Given the popularity of this site other the past few years, we are considering adding a forum or message board!
Before we go ahead and do this, we want to know whether you would use such a feature and if you have any suggestions on how it should be configured.
Initially, we see the forum as having the following sections:
- Mach Loop Questions & Answers
- Mach loop discussion and photos
- General military aviation
Please leave a comment below with your thoughts.
We look forward to your responses!
The Mach Loop is a set of valleys, situated between Dolgellau in the north, and Machynlleth in the south (and from which the Mach Loop gets its name), which are regularly used for low level flight training, with flying as low as 250 feet (76 metres) from the nearest terrain.
To the south of the Mach Loop there is an area called Tactical Training Area 7T, in which, at specified times, the aircraft may fly as low as 100 feet (30.5 Metres). The Royal Air Force publish a timetable of when the Tactical Training Areas may be in use, however experience shows this to be of little use in determining whether low level flying will take place on a particular day or time.
Low flying is an vital skill for military aircrew, and the Royal Air Force uses various areas of the United Kingdom for low level flight training. The United Kingdom is split into 18 low flying areas, (or “LFAs”), the LFA’s being numbered 1-19 (strangley there is no LFA15). The Ministry of Defence website has a map showing the location of the low fly areas. The Mach Loop is located within LFA7, which covers the whole of Wales, except for a small section in the north-east of Powys, which is within LFA9.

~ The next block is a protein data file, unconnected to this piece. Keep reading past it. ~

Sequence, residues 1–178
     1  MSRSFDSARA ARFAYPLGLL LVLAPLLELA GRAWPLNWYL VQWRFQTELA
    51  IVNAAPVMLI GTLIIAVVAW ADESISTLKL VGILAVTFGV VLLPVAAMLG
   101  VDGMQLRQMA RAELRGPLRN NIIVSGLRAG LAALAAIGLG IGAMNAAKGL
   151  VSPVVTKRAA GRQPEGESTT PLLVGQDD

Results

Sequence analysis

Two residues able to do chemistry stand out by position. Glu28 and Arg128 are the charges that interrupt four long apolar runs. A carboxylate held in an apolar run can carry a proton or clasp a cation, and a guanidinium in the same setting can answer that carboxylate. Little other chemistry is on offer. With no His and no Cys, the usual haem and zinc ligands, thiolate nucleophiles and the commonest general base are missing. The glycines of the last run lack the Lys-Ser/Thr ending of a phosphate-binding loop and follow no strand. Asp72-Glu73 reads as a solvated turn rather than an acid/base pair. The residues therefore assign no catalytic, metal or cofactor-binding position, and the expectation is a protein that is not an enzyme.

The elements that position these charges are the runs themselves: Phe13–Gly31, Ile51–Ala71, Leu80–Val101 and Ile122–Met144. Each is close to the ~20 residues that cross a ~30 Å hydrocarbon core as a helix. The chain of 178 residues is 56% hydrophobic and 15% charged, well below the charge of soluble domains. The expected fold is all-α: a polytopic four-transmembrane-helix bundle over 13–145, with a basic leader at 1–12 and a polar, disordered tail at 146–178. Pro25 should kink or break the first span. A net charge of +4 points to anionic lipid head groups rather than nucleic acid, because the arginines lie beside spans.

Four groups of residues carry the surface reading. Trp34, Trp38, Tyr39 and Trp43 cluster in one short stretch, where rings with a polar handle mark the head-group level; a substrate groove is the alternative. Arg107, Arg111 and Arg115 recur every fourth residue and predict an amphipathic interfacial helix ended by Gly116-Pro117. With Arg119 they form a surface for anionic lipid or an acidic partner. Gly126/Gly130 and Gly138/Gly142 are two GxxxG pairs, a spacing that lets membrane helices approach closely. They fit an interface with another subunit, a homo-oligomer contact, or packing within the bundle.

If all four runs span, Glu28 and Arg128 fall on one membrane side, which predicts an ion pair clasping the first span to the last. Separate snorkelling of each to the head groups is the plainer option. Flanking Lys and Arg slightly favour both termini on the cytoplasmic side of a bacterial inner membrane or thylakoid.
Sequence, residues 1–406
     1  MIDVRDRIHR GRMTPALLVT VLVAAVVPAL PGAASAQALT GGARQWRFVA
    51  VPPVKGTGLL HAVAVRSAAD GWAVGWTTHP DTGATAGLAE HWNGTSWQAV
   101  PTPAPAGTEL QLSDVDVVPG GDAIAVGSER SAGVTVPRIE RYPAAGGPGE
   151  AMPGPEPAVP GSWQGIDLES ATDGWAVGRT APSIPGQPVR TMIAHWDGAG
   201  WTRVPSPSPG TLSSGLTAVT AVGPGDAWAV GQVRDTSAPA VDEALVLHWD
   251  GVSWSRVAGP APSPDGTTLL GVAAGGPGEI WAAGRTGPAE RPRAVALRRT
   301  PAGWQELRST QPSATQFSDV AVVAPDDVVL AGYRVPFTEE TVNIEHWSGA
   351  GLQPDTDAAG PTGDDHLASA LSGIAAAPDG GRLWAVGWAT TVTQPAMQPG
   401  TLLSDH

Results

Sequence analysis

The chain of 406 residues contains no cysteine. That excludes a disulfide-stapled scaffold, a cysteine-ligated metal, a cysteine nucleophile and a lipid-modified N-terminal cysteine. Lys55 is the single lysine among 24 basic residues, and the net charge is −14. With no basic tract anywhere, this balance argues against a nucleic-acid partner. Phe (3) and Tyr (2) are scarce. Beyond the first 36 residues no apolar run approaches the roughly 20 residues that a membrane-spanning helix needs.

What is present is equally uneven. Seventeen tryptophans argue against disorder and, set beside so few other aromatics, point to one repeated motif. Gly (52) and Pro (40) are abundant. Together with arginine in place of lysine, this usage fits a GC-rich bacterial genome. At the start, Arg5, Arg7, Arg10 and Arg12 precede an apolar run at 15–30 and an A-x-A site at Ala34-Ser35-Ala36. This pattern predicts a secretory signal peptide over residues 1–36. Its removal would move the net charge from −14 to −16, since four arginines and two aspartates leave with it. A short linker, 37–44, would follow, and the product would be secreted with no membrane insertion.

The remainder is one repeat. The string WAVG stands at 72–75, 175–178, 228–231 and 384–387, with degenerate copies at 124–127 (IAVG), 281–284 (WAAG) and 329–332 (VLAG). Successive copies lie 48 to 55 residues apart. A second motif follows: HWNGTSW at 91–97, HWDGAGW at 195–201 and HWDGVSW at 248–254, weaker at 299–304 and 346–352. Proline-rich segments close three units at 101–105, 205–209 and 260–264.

ADSB Exchange Global Radar is a handy tool for tracking military aircraft. Although not all military aircraft are displayed, this can be a useful resource for finding out what is flying, and where they may be headed, including transiting to the Mach Loop. Continue reading “Track Military Aircraft with ADSB Exchange”
Some question the purpose and value in Miltary aircrew undergoing Low Level training, yet it is an essential skill for any pilot or navigator.
Some snippets from the MOD outlining the value and reasoning behind Low Level training sorties.
Low flying remains an essential skill for military aircrew.
Whatever missions we ask our Armed Forces to undertake the aircrew must be able to fulfil the task as effectively as possible, often without time for “work-up” training. Current Operations around the world see aircrew of both fixed and rotary wing aircraft undertaking operations at low level. They are only able to do this through specialist training gained through the use of the UK Low Flying System.
The UK Military Low Flying System covers the open airspace of the whole of the UK and surrounding overseas areas from the surface to 2,000 feet above the ground or mean sea level.
Military fixed wing aircraft are judged to be low flying when they are less than 2000 feet minimum separation distance from the ground.
View the full document here: http://www.mod.uk/DefenceInternet/AboutDefence/WhatWeDo/AirSafetyandAviation/LowFlying/
The latest Mach Loop weather
This Snowdonia weather forecast is generated by the Met Office Weather Widget
This weather forecast is generated by the Met Office Weather Widget
We are aware of some issues with the widgets not loading correctly and are working on a fix. Meanwhile, please follow the mach loop met office weather links above.